Tuesday, November 28, 2017

November 28th...This Day in History

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Magellan reaches the Pacific 1520

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After sailing through the dangerous straits below South America that now bear his name, Portuguese navigator Ferdinand Magellan enters the Pacific Ocean with three ships, becoming the first European explorer to reach the Pacific from the Atlantic.
On September 20, 1519, Magellan set sail from Spain in an effort to find a western sea route to the rich Spice Islands of Indonesia. In command of five ships and 270 men, Magellan sailed to West Africa and then to Brazil, where he searched the South American coast for a strait that would take him to the Pacific. He searched the Rio de la Plata, a large estuary south of Brazil, for a way through; failing, he continued south along the coast of Patagonia. At the end of March 1520, the expedition set up winter quarters at Port St. Julian. On Easter day at midnight, the Spanish captains mutinied against their Portuguese captain, but Magellan crushed the revolt, executing one of the captains and leaving another ashore when his ship left St. Julian in August.
On October 21, he finally discovered the strait he had been seeking. The Strait of Magellan, as it became known, is located near the tip of South America, separating Tierra del Fuego and the continental mainland. Only three ships entered the passage; one had been wrecked and another deserted. It took 38 days to navigate the treacherous strait, and when ocean was sighted at the other end Magellan wept with joy. His fleet accomplished the westward crossing of the ocean in 99 days, crossing waters so strangely calm that the ocean was named “Pacific,” from the Latin word pacificus, meaning “tranquil.” By the end, the men were out of food and chewed the leather parts of their gear to keep themselves alive. On March 6, 1521, the expedition landed at the island of Guam.
Ten days later, they dropped anchor at the Philippine island of Cebu—they were only about 400 miles from the Spice Islands. Magellan met with the chief of Cebu, who after converting to Christianity persuaded the Europeans to assist him in conquering a rival tribe on the neighboring island of Mactan. In fighting on April 27, Magellan was hit by a poisoned arrow and left to die by his retreating comrades.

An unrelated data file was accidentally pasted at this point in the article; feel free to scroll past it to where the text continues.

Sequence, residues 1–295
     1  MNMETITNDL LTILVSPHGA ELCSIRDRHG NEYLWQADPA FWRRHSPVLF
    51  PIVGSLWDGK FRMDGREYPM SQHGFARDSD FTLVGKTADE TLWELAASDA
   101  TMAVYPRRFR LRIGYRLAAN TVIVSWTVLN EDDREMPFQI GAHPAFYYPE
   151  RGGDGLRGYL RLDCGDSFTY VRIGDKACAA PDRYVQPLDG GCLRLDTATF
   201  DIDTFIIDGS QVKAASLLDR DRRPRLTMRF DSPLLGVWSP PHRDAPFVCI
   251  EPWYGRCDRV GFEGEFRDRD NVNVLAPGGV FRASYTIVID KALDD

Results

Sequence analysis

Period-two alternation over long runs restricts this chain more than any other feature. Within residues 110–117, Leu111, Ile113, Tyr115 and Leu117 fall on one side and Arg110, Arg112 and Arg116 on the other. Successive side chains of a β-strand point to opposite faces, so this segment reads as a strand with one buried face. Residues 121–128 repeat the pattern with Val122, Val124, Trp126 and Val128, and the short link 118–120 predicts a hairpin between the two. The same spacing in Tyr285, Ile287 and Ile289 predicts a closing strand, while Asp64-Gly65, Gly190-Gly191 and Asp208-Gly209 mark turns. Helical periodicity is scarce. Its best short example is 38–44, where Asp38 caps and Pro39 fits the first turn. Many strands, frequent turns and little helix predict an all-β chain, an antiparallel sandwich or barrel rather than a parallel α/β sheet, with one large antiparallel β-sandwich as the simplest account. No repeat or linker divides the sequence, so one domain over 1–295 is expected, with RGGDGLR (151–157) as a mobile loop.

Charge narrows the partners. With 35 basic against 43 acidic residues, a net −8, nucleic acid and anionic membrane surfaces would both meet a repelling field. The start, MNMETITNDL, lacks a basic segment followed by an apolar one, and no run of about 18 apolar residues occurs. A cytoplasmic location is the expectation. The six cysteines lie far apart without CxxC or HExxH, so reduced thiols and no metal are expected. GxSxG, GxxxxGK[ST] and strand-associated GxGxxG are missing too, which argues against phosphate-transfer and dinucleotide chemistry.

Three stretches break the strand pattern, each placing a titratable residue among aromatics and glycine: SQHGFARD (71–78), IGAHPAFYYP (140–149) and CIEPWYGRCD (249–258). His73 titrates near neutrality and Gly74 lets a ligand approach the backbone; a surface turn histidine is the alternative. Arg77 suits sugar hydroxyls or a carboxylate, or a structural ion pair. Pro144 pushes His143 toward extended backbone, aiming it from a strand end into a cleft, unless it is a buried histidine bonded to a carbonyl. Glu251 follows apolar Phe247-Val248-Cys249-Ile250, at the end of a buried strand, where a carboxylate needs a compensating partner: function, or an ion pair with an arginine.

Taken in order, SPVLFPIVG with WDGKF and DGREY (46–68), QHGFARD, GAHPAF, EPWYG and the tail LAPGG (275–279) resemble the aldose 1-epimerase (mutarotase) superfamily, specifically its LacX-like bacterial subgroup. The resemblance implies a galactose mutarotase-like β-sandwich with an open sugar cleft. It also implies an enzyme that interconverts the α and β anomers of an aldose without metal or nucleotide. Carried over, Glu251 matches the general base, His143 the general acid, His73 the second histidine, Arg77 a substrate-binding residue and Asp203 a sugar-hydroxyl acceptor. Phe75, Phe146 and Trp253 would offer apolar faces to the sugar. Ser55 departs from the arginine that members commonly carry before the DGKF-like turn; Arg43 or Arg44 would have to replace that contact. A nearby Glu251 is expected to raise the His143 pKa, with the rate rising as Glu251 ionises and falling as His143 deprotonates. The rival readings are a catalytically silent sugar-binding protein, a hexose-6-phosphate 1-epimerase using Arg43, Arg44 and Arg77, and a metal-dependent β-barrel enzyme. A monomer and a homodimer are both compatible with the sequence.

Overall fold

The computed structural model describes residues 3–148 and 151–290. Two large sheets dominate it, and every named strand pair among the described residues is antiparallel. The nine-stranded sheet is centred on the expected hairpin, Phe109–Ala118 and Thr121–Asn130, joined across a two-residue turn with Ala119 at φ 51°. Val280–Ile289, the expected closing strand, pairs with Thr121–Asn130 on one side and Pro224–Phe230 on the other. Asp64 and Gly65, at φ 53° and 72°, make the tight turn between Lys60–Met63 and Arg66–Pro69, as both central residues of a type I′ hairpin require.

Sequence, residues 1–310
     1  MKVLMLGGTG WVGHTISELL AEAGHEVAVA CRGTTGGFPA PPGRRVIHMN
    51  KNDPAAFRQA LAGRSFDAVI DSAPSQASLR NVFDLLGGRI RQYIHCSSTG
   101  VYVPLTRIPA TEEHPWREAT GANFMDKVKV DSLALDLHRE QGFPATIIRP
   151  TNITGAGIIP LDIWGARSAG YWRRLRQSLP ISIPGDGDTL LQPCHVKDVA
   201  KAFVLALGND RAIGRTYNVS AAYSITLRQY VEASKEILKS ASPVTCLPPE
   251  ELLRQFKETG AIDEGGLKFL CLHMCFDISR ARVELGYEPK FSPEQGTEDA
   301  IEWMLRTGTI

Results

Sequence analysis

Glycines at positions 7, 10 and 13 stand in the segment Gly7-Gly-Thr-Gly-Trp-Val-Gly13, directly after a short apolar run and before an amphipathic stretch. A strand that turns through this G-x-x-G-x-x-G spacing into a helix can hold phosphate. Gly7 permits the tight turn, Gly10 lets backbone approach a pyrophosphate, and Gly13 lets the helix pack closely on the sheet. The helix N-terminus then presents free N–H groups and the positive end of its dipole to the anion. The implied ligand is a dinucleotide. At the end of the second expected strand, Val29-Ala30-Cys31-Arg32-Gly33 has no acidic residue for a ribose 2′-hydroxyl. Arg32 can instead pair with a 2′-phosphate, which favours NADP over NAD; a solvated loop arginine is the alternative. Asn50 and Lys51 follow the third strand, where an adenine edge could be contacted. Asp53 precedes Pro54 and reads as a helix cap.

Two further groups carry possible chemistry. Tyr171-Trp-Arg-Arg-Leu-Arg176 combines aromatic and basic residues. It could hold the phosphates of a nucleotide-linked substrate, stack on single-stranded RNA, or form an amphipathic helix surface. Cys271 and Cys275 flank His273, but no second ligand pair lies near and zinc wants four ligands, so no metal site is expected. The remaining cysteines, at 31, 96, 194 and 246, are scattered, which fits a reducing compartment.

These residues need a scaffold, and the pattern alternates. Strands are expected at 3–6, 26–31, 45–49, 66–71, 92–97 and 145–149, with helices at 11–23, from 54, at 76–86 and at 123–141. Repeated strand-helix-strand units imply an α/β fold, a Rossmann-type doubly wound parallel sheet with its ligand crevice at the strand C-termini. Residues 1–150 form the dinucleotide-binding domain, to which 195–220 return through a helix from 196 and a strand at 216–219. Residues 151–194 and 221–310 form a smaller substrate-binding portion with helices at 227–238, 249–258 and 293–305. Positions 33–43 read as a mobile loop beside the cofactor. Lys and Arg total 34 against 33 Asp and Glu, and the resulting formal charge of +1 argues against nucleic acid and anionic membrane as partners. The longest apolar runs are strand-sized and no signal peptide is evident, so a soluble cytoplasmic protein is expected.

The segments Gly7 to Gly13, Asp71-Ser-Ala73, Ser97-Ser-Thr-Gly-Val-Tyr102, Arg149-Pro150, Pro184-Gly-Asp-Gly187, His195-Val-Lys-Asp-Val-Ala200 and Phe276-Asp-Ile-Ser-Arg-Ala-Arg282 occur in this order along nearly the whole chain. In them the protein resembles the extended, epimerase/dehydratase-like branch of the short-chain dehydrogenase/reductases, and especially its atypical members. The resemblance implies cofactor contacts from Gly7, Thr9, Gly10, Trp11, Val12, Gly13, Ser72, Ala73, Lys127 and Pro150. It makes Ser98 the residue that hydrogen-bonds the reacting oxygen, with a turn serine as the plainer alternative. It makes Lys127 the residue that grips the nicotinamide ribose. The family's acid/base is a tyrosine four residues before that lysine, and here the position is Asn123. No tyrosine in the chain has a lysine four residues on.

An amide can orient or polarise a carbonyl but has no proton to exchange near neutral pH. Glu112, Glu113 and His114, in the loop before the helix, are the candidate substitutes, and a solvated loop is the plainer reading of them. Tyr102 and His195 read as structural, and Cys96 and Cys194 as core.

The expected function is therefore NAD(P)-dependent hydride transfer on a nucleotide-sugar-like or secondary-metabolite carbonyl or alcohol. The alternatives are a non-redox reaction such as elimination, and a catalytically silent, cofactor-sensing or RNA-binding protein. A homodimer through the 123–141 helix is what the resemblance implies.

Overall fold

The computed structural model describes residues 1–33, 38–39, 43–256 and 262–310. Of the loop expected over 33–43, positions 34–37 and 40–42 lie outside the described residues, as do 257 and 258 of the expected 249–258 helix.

After Magellan’s death, the survivors, in two ships, sailed on to the Moluccas and loaded the hulls with spice. One ship attempted, unsuccessfully, to return across the Pacific. The other ship, the Vittoria, continued west under the command of Basque navigator Juan Sebastian de Elcano. The vessel sailed across the Indian Ocean, rounded the Cape of Good Hope, and arrived at the Spanish port of Sanlucar de Barrameda on September 6, 1522, becoming the first ship to circumnavigate the globe.

 (More Events on This Day in History)
  • American Revolution

  • 1777 John Adams replaces Silas Deane
  • Automotive

  • 1895 Duryea Motor Wagon wins first car race in U.S.
  • Civil War

  • 1862 Battle of Cane Hill, Arkansas
  • Cold War

  • 1989 Czechoslovakian Communist Party gives up monopoly on political power
  • Crime

  • 1987 A media controversy ignites over the case of Tawana Brawley
  • Disaster

  • 1979 Plane crashes over Antarctica
  • General Interest

  • 1919 Lady Astor becomes MP
  • 1994 Jeffrey Dahmer murdered in prison
  • Hollywood

  • 1962 Talk-show host and comedian Jon Stewart born
  • Literary

  • 1582 William Shakespeare marries Anne Hathaway
  • Music

  • 1964 The Shangri-Las score a #1 hit with “Leader Of The Pack”
  • Old West

  • 1925 The Grand Ole Opry begins broadcasting
  • Presidential

  • 1943 FDR attends Tehran Conference
  • Sports

  • 1895 Frank Duryea wins first U.S. horseless-carriage race
  • Vietnam War

  • 1964 Johnson advised to bomb North Vietnam
  • 1965 The Philippines agrees to send troops to South Vietnam
  • World War I

  • 1914 New York Stock Exchange resumes bond trading
  • World War II

  • 1954 Enrico Fermi, architect of the nuclear age, dies

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